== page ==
REM are no strangers to the "secret" show, having pioneered them back in the Eighties, when they would appear at places such as the tiny Borderline Club under amusing pseudonyms such as Bingo Hand Job. Tonight, however, the locale is the some- what more sedate surroundings of St James Church in Piccadilly, and the ClearChannel passes and the BBC pantechnicon parked round the back attest to the grander scheme in which they operate these days.
Tonight's show is being recorded for a BBC Radio 2 transmission as part of the promotional push for the forthcoming album Around the Sun, and accordingly features mainly tracks that few of the invitation-only audience can have heard yet. You might imagine they would ease us gently into the show with a few well-known numbers, but they opt to open with "Animal", a song only available on the In Time hits compilation, and one whose psychedelic-Beatles texture sounds a little muddy in these surroundings. But things improve rapidly with the brooding "Boy in the Well" and the pop-tastic bounce of "Wanderlust", one of the catchier new songs.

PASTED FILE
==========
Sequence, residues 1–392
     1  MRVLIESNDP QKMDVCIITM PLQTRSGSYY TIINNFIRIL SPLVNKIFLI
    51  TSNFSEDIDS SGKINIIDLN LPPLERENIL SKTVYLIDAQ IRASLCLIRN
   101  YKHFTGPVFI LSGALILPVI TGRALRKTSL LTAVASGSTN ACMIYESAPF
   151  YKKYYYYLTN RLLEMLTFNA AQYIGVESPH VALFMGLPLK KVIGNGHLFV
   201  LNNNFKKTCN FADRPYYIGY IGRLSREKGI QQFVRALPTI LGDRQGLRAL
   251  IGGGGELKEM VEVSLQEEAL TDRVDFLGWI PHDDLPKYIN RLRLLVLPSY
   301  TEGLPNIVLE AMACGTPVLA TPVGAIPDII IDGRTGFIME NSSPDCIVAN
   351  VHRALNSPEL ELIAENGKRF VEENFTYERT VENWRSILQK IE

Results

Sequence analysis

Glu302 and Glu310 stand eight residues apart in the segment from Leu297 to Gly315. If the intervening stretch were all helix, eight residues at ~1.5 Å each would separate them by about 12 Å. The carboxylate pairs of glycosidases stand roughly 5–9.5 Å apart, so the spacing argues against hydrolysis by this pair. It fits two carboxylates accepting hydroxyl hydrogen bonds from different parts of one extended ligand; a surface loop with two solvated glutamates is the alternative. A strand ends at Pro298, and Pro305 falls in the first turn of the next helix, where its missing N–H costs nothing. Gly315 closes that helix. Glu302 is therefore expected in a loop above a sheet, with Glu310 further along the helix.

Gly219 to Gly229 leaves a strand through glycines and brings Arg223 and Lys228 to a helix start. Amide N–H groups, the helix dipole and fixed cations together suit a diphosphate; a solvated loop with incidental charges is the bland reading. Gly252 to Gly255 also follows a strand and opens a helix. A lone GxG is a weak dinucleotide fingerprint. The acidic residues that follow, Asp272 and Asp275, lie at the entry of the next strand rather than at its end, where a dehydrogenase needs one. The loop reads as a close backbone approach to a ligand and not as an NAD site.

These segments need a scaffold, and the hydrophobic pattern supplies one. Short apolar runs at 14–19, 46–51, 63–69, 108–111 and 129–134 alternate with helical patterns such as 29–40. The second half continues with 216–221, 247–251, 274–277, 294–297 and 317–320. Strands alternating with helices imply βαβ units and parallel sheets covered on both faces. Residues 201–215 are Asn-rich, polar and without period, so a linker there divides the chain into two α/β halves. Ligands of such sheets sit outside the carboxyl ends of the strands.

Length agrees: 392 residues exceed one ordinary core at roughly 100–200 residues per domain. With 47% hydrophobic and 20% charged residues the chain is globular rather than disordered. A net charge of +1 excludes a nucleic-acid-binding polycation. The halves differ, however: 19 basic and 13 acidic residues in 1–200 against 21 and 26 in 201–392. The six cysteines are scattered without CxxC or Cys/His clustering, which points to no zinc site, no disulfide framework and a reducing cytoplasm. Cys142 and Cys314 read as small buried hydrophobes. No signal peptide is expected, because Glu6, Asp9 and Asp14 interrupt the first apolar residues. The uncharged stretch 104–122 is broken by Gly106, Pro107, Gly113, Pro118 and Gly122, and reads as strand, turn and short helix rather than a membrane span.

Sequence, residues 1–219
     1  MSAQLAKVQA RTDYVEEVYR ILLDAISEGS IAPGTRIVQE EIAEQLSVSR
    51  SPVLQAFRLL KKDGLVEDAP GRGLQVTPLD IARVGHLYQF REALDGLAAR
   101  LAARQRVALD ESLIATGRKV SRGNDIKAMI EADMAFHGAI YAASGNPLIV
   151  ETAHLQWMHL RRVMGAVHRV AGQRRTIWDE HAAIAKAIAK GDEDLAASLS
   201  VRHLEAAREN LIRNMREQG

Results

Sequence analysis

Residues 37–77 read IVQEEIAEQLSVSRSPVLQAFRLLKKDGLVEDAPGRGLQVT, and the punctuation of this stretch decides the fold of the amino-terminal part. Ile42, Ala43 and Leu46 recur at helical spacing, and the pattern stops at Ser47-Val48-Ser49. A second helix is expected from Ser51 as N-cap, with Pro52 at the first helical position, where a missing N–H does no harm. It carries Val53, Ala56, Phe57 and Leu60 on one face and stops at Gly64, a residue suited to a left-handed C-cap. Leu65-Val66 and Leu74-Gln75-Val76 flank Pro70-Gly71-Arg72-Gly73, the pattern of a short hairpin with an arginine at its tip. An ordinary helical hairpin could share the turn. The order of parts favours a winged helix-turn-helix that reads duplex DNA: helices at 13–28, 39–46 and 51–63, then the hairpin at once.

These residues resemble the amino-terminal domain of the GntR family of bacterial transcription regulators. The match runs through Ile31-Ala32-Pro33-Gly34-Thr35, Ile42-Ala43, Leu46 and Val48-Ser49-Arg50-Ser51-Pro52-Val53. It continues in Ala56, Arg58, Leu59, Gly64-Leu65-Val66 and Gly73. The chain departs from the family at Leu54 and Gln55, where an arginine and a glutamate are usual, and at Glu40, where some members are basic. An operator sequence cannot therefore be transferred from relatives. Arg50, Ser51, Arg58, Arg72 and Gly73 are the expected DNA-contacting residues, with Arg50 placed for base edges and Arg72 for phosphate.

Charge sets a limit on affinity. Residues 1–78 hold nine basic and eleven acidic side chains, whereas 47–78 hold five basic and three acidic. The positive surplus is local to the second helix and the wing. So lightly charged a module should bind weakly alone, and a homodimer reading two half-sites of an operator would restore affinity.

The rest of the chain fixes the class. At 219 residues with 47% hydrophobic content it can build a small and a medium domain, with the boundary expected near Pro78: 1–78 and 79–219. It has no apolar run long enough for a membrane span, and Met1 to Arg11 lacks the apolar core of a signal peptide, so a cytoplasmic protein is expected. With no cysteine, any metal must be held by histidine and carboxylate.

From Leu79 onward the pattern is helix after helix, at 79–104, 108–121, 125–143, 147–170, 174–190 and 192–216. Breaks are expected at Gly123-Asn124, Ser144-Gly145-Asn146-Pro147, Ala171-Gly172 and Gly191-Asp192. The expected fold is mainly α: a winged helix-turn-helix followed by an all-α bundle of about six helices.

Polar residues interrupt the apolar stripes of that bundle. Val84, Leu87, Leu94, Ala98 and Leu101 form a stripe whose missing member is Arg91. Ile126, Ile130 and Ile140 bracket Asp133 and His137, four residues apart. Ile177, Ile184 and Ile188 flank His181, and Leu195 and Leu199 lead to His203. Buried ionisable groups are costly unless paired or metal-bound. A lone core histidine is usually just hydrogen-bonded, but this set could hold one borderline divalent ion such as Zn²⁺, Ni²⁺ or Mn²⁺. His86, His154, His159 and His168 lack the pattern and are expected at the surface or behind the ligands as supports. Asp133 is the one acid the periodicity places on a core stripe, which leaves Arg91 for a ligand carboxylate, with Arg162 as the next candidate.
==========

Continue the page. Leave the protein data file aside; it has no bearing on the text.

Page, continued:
During "She Just Wants to Be", the nattily white-suited Michael Stipe appears to salute the audience, in some hangover from the days when his stage act involved many such hand gestures; but then you realise he's just shading his eyes to gaze around the packed balcony pews, as if searching for friends. The new tracks "Final Straw" and "I Wanted to be Wrong" recall an earlier, folk-rock REM, before Thom Yorke is invited up onstage to sing the Patti Smith part of "E-Bow the Letter". Unfortunately, Yorke fluffs his lines and they have to start the song over, Stipe asking the audience to help their guest by putting their hands up when he should come in. The second run through, Yorke nails it, wailing like a banshee.
"Around the Sun" itself cleaves to the eternal REM verities of arpeggiated chords and intriguing harmonies, with the organ adding an echo of early Traffic. "Aftermath" is less distinguished, but "Losing my Religion" brings a community-singalong mood to the church. A neat, short-haired Peter Buck laces an e-bow guitar line through "Walk Unafraid", which closes the set, before the band return for encores of "Leaving New York" - the strongest song on the new album, and its first single - and old favourites "Imitation of Life" and "Man on the Moon".
Despite the staid surroundings and Stipe's lectern, the mood throughout was less like a concert than a party with a few friends, Stipe screwing up his lyric sheets after each song and throwing them out to the crowd, personal souvenirs greedily snatched by punters like home-run baseballs. REM will be back over here in February for a full-blown arena tour, and on the strength of this show, their energies appear more focused now than they have been for some time.
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